DockerCon Europe 17 is already behind us, and I would like to share my path that lead me to attend it. The journey was by far not a straight line and it could even provide with some ideas on how to request your travel next year.
How it all started
It all starts with an anecdote that I was lucky enough to share with the ‘main victim’ during DockerCon:
Around 2 years ago, my Geek team decide to try learn Go(lang). The community was quite already in place and howtos, videos training and examples were already massively available.
Still, for whatever reason we ended downloading a
pirated copy of a certain Nigel Poulton Go course.
We simply became instant fans of both the person and the language. However, during his course he kept mentioning how Go was production ready because it already was the power behind Docker, this “new” container technology that was taking the world by storm.
As I always try to give back to Caesar when possible, I managed to have my company ordering me a 1 year Pluralsight license (sorry for the initial steal) and when I looked up on the training Mr Poulton created, there was already 3 of them about Docker (fun fact: the Docker Learning Path can be called the Nigel Path to Docker wisdom as only his courses are listed).
While I was seeing a lot of potential in Docker, being in a company that runs exclusively Microsoft technology and applications based, the sell was kinda difficult at first.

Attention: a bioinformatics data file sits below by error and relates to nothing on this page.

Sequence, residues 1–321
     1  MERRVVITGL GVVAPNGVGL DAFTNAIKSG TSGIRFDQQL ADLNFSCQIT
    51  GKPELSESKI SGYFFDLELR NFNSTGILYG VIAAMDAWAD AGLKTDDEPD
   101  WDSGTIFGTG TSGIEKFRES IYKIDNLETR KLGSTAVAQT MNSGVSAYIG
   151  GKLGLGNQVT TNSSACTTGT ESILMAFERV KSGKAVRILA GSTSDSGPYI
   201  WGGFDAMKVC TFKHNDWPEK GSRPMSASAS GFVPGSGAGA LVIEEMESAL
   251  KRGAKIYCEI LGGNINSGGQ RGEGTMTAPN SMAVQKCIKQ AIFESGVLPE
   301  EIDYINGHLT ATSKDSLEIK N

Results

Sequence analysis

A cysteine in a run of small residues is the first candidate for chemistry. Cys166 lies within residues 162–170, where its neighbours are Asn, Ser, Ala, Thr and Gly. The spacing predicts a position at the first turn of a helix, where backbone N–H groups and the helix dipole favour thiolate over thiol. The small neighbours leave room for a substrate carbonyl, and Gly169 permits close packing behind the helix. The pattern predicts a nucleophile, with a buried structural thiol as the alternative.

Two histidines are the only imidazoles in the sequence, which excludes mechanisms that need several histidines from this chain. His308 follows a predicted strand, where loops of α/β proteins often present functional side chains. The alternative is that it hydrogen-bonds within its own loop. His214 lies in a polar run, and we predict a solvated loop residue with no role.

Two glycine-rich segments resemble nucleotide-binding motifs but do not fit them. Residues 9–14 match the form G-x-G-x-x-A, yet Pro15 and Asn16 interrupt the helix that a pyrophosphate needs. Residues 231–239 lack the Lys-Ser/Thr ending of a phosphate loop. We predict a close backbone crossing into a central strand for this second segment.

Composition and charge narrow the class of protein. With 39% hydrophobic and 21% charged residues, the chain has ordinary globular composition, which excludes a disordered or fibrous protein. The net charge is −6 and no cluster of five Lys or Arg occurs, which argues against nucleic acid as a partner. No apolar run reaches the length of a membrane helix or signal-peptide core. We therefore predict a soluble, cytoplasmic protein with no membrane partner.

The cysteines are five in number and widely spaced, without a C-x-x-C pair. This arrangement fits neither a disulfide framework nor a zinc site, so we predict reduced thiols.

Hopefully for me, with Microsoft’s new direction and vision under Satya Nadella, the wait was not long and Microsoft embraced the Docker train instead of creating a similar (and compatible) technology.
I could then make a first presentation of this technology to my CIO and he simply was mind blown about this technology.
The next logic step was to know more about Docker in the industry (Pharmaceuticals if possible) and DockerCon seemed the right place to do so, as I knew there would be Customer success stories and certainly could learn about best practices for implementing it.
My CIO approved, however as I am part of the Business Applications team, he told me that I would get his sponsorship only if someone from the IT Operations would join me.
Side note: for the ones who attended Lee Namba‘s talk (MTA with Docker EE: From PoC to Production) my journey at that point was already in the pit. I didn’t even had the luxury to rejoice at the top of the initial curve.
After few discussions with the Head of Deployement, he appointed one of his direct reports to go with me and that’s how I finally ended in DockerCon.
There is still much to say, however I would prefer discuss it live around a good burger.
My final words/advice on this journey would be: your Docker journey can start in many ways, but it will (hopefully) always end in one of the greatest communities I’ve seen in a long time.
I have four words for you: Welcome to Docker(Con), Friend!